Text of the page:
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Protect your Brand Health

Posted on: April 8th, 2020 by Monika No Comments

Now, that reality of this quarantine is really kicking in and there is no concrete end in sight, we need to start thinking about things differently.

Nobody (not even Bill Gates) knows what our environment will look like once we come out of this situation. There is so many question marks to almost every single situation in our lives.

  • What will it look like once we ease Social Distancing?
  • Will people gather in larger groups, or will they be afraid to do so?
  • How much money will people be able to spend on activities like going out to eat?
  • What will vacations look like, or will we not even have to luxury to travel without fear?

Just looking at those uncertainties, there are so many industries that will be touched by it. So, what can we do in order to keep ourselves, the economy and daily life going?

One thing that I believe is certain and that is that people will remember how companies acted during these difficult times. If you do the right thing, you will be better off than others.

That’s not to say that every business will be OK, because some companies will simply not be able to endure the financial stress. If you are however a company that puts its people, the community and the well being of others ahead of profit and greed, you will be rewarded later.

Remember the phrase after 9/11

“We will never forget”?

Well, that will be true once we come out of these difficult circumstances.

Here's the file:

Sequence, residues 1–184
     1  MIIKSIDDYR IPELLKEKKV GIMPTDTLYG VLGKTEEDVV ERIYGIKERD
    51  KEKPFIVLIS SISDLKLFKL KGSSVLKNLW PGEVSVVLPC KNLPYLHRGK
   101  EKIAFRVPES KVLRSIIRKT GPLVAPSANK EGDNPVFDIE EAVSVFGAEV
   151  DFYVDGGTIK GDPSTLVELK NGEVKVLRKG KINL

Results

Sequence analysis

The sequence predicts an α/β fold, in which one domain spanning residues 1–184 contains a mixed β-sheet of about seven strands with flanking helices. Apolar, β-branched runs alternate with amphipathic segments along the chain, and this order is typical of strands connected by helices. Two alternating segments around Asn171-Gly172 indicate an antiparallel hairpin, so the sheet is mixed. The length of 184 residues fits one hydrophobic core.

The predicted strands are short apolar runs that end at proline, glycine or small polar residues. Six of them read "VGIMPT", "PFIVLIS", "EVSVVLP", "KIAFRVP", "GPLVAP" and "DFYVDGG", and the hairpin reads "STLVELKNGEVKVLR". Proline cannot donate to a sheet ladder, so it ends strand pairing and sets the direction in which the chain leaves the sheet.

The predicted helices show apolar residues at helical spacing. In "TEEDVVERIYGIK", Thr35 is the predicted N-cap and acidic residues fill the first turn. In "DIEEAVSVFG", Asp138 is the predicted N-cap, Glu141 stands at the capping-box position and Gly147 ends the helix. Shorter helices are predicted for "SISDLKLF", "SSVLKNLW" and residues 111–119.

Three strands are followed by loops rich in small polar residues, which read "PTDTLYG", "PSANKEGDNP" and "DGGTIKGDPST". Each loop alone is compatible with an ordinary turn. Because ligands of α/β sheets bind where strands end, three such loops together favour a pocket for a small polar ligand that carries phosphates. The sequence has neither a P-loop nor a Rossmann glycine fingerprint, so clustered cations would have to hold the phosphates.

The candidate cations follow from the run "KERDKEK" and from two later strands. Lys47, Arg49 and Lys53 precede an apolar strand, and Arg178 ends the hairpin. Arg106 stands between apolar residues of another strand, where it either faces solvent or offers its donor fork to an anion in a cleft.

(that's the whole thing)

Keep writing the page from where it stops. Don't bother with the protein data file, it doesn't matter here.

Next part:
It is the responsibility of Public Relations and Crisis Management professionals to guide their clients through a crisis. They should encourage companies to do good and to communicate clearly and compassionately. Simply sending out communications that state “We are sorry, blah, blah, blah” is lazy and can be damaging. Now is the time to dig deeper, to come up with solutions that not only help employees but that will preserve brand health in the future.

Let’s take banking as an example. The first communication that I got from my credit card company was not “we are here to help” it was a message to encourage me to use the on-line system or the app. It felt to me that they only cared that I knew how to pay them, which is probably true but there could be other ways to package it. If you want to make sure that your customers remember you in a positive way, give them something tangible like a 30-day grace period for example and then plug your app.

This is why mindful crisis management is so important. Sometimes, communication is counterproductive because it is obviously geared to benefit the company rather than the customers. Even if it was not their intention, perception is reality and it matters how people feel when you communicate with them.

I will remember that message and so will many other customers, I’m sure.

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